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The Daily Wildcat

The Daily Wildcat


    Space shuttle scrubbed at least 3 days


    CAPE CANAVERAL, Fla. — A last-minute technical issue forced NASA officials to scrub the launch of space shuttle Endeavour at about noon on Friday, a move certain to disappoint President Barack Obama, U.S. Rep. Gabrielle Giffords and hundreds of thousands of spectators who flooded to the Space Coast.

    The next launch opportunity will be 2:34 p.m. EDT on Monday.

    The issue involves two of three heating units aboard Endeavour designed to keep fuel lines from freezing in space. While these fuel lines are not particularly critical for launch, they are vital in ensuring that the airplane-like machinery of Endeavour work on re-entry — such as landing gear and its rudder speed brake.

    “”You don’t want frozen fuel lines, obviously,”” said NASA spokesman Allard Beutel.

    A short circuit — either in a switch box controlling the heaters or one of the electrical lines in or out of the box — has emerged as a primary suspect, but NASA engineers are not 100 percent certain. Hints of a problem started appearing earlier Friday morning. It may take until Saturday morning, however, until technicians are able to access the broken piece.

    “”We’re an absolute minimum three days for turnaround right now,”” said Launch Director Mike Leinbach, who made the call to scrub the launch at about 12:15 p.m., 3 1/2 hours before launch time. “”We fly no orbiter before its time and today she just wasn’t ready to go.””

    A van carrying astronauts to the launch pad was turned around en route when Leinbach decided to scrub the launch.

    Obama and his family arrived shortly after the mission was scrubbed and decided to go on with the Kennedy Space Center tour that had been arranged for them.

    At the orbital processing facility – NASA’s tune-up shop and parking garage for the shuttle fleet – Obama chatted with Terry White, an iconic technician with a white handlebar mustache who has been working shuttles since 1979.

    “”That’s a good mustache, too; I like that,”” Obama told White.

    On a dry board inside the facility, someone had written in brown marker: “”Bolden — he gave us the beginning of the end,”” a reference to NASA Chief Charlie Bolden, who also was at the space center Friday.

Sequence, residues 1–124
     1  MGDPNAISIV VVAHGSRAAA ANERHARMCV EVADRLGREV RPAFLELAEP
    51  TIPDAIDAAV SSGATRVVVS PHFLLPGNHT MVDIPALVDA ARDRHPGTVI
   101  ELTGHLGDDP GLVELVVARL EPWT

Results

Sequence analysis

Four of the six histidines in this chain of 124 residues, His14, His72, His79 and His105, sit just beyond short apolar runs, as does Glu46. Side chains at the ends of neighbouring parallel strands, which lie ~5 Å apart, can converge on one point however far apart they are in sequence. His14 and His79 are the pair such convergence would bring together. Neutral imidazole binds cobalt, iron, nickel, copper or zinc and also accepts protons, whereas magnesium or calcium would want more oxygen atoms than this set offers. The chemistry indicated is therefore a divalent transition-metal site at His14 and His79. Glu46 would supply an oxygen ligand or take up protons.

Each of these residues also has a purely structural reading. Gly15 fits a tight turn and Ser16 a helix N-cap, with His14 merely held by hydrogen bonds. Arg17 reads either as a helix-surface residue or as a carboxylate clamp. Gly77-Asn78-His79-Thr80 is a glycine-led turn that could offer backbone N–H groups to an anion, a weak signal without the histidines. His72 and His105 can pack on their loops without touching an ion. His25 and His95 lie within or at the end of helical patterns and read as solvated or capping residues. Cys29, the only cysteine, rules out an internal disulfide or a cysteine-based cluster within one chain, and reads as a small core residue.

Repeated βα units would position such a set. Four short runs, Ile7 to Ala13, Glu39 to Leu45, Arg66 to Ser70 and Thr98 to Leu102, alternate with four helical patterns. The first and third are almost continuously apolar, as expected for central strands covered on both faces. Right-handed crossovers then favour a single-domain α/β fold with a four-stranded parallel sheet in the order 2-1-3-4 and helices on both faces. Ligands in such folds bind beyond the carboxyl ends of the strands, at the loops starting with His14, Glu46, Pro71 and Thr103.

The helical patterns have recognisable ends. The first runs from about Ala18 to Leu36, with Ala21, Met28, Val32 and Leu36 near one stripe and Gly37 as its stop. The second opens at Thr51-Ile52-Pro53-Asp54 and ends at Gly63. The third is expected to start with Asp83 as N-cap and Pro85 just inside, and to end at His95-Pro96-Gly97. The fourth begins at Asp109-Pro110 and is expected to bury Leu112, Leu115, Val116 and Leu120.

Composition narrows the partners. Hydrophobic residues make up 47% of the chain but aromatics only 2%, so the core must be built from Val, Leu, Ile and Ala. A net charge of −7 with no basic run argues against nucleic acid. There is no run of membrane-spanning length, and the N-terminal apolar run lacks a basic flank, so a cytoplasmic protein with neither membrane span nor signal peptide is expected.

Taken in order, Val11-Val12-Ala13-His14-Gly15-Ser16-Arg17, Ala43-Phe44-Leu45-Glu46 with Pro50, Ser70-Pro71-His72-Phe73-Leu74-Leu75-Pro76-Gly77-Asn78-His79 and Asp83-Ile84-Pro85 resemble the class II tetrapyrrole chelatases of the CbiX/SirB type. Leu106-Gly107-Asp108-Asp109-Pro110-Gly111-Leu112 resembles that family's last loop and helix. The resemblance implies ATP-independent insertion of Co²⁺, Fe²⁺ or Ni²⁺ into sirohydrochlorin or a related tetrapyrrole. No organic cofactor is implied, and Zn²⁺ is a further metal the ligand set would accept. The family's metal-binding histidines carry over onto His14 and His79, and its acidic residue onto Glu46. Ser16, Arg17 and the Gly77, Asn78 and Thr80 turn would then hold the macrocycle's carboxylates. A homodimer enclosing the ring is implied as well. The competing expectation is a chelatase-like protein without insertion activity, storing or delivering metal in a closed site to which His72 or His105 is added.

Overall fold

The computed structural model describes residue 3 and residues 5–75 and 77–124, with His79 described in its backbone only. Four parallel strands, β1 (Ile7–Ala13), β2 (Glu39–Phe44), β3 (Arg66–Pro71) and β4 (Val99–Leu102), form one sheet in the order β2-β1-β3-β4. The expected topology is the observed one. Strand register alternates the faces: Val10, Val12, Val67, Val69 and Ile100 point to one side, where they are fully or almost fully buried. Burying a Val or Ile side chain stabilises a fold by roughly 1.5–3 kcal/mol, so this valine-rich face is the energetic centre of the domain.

An estimated 7,000 shuttle workers in Florida are set to lose their jobs after the last mission and anger at the administration is riding high. A NASA official erased the message soon after it was noticed.

    The president talked with Giffords for about 10 minutes before he met with the full crew. Before going in to see her, the president greeted mission commander Mark Kelly — Giffords’ husband — in a corridor.

    “”I bet you were hoping to see a rocket launch today,”” Kelly said. Replied Obama, “”We were hoping to see you.”” They shook hands and embraced before Kelly updated Obama on Giffords’ condition.

    Meanwhile, mission management team chairman Mike Moses and the engineering team were meeting to make a clearer assessment of what can be done and how long it would take.

    Leinbach said the first heater was found to not be working and engineers tried a variety of tests to try to get it working again, but failed.

    “”Our trouble shooting proved it was a hard failure. We were not able to get it to come to life,”” he said. “”There was another heater upstream from that was also exhibiting some erratic behavior.””

    While an orbiter still can land with one broken unit, launch requirements force NASA to fly with all three working.

    Officials had predicted up to 750,000 onlookers for the launch.

    Marc Lockhart of Richmond, Va., and his daughter, Kali, 10, were planning to stay in Florida for a couple of days to see if the shuttle would launch soon.

    “”We’re so disappointed,”” said Lockhart, who drove 12 hours to reach the Space Coast.

    “”We wanted to be — to see — a part of history.””

    Chris King, 52, of Columbus, Ohio, made his first trip to see a launch two decades ago. The main engines fired up, and he remembers seeing a puff of smoke.

    Then the launch was scrubbed.

    This time, he’s taking it in stride.

    “”I can’t get too upset about it,”” said King, an architect who is working on a sports stadium in Iraq. “”I knew it was a risk when I made the flight.””

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